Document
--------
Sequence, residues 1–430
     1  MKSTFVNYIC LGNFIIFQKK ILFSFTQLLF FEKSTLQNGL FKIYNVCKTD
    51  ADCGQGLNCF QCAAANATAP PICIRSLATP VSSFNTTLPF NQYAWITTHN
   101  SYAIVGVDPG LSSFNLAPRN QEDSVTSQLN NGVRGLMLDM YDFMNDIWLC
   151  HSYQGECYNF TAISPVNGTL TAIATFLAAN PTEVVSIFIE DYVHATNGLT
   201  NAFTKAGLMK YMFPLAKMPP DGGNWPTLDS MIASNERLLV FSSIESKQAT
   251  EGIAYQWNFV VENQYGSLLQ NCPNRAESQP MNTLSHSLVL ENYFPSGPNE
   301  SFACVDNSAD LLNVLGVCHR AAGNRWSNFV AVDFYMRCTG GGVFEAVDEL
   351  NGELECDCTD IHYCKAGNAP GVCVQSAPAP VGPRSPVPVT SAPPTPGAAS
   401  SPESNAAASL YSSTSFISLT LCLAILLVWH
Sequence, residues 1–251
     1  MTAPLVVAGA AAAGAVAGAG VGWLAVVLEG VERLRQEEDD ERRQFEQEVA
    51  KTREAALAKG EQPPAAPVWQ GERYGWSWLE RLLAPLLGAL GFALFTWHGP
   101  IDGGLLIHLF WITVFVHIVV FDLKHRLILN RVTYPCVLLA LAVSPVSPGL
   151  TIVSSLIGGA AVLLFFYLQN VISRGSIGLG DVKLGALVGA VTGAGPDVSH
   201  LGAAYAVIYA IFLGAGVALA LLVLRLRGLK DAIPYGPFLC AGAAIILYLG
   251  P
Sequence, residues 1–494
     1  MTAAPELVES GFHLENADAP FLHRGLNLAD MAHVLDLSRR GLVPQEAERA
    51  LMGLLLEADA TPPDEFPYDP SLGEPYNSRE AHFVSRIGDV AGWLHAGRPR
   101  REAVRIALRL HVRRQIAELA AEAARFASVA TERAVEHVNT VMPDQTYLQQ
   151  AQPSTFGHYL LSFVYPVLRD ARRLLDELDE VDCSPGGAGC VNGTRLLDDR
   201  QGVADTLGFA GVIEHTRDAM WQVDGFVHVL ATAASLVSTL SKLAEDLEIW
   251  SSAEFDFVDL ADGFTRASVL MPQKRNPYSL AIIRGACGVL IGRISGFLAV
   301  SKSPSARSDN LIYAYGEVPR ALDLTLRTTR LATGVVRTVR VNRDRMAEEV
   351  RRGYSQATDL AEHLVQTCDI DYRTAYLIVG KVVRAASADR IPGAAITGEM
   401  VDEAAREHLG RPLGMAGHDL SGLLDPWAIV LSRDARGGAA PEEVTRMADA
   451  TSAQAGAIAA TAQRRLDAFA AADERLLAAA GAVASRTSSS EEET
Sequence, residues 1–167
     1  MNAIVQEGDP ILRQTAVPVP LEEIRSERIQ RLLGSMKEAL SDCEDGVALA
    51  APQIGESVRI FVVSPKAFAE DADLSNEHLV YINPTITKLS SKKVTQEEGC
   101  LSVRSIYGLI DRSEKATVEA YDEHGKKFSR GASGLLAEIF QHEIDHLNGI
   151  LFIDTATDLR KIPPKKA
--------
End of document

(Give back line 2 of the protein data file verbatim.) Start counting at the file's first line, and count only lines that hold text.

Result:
     1  MKSTFVNYIC LGNFIIFQKK ILFSFTQLLF FEKSTLQNGL FKIYNVCKTD